On May 21, 2024, the European Council announced its approval of the Artificial Intelligence or AI Act, to set a global standard AI regulation through a risk-based approach. “The new law aims to foster the development and uptake of safe and trustworthy AI systems across the EU’s single market by both private and public actors.” The AI Act provides classification of AI systems based on risk, with lower risk systems being subject to light transparency obligations and high-risk systems subject to more requirements and obligations. AI that is capable of cognitive behavioural manipulation, social scoring, and the use of AI for predictive policing based on biometric data that categorize people based on race, religion, or sexual orientation will be banned in the EU. An AI Office in the European Commission, scientific panel, and an AI Board with member states’ representatives will be implemented as governing bodies to ensure enforcement.

More information on the AI Act is available here.

Why this matters to your credit union: Technology innovations are moving at a rapid pace and regulators are doing their best to keep up. Credit unions must assess what technological changes are necessary to keep up in a changing digital world, and what the compliance implications are for implementing any new technology.

Basel Committee Publishes Report on Implications of Digitalization of Finance on Banks and Supervision

On May 16, 2024 the Basel Committee published a report on the Digitalisation of Finance, outlining the risks and benefits of new technologies and its suppliers for the purposes of banking services, as well as “eight implications for banks and supervisors relating to macro-structural elements, specific digitalisation themes, and capacity building and coordination.” The report expands on the 2018 Sound Practices: implications of fintech developments for banks and bank supervisors. Technologies such as application programming interfaces, artificial intelligence and machine learning, distributed ledger technology and cloud computing, as well as new technologically enabled suppliers (eg big techs, fintechs and third-party service providers) and business models are reviewed within the report. The Committee hopes to address regulatory and supervisory implications such as:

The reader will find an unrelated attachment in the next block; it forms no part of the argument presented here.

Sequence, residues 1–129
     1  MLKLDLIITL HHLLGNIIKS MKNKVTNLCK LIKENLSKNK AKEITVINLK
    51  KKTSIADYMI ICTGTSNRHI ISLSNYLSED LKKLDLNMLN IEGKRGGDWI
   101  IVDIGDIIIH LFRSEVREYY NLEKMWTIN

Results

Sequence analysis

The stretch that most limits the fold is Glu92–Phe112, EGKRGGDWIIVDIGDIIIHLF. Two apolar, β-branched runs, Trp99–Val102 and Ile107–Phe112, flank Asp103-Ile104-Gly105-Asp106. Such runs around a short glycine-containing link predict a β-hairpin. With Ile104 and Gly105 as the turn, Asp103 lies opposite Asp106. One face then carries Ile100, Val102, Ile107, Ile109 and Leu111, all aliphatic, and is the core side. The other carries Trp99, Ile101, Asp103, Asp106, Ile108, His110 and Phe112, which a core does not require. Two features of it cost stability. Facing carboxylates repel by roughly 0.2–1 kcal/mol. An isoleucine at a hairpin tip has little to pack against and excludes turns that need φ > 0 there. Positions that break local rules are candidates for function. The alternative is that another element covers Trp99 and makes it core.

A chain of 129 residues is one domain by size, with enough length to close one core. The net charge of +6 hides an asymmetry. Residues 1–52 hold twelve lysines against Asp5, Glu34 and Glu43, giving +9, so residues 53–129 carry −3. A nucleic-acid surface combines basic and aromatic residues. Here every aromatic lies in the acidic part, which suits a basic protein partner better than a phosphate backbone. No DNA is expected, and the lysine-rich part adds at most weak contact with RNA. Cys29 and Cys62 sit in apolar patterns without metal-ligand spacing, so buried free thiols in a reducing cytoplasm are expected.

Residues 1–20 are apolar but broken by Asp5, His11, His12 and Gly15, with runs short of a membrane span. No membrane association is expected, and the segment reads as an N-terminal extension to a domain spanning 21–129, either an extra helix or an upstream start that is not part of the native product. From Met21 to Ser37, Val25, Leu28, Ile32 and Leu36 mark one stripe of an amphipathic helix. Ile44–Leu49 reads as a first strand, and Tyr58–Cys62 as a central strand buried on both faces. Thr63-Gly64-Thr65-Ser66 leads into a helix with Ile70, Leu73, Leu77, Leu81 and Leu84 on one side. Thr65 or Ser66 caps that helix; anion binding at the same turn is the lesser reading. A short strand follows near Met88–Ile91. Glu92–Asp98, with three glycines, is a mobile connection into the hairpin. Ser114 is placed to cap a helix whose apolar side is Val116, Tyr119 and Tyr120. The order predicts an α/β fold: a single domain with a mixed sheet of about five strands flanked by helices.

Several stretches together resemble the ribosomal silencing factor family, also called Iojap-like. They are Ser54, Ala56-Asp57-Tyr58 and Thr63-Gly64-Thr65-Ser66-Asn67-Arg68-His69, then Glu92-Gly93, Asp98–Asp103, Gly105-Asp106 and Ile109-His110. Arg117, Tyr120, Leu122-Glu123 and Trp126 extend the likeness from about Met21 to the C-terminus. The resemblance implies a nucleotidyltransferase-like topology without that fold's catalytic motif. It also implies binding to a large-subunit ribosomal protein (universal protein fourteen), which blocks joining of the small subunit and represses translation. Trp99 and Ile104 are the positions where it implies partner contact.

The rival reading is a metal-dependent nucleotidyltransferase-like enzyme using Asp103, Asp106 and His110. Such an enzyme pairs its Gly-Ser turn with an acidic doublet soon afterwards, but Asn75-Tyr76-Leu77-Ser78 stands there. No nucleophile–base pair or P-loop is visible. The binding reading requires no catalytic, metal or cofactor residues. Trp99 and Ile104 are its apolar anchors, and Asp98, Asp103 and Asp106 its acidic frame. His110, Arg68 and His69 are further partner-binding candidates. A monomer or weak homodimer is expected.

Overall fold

• “monitoring evolving risks and adopting a responsible approach to innovation;
  • safeguarding data and implementing robust risk management processes; and
  • securing the necessary resources, staff and capabilities to assess and mitigate risks from new technologies and business models.”

More information on the report on the digitalization of finance is available here.

Why this matters to your credit union: Credit unions must be aware of the regulatory implications for any technology they may use. Advocacy efforts have had some success in appealing for right-sized regulations for small financial institutions, especially those with less sophisticated systems within their institution, but the use of technology is inevitable. Eventually the majority of financial services providers will need to apply digitization in some way and when this happens, there are costs, regulatory and compliance burdens to consider.


Panya Monford, Esq.
Assistant General Counsel of International Advocacy
World Council of Credit Unions (WOCCU)
99 M St., SE, Washington, DC 20003 USA
Office: +1-202-510-9347 |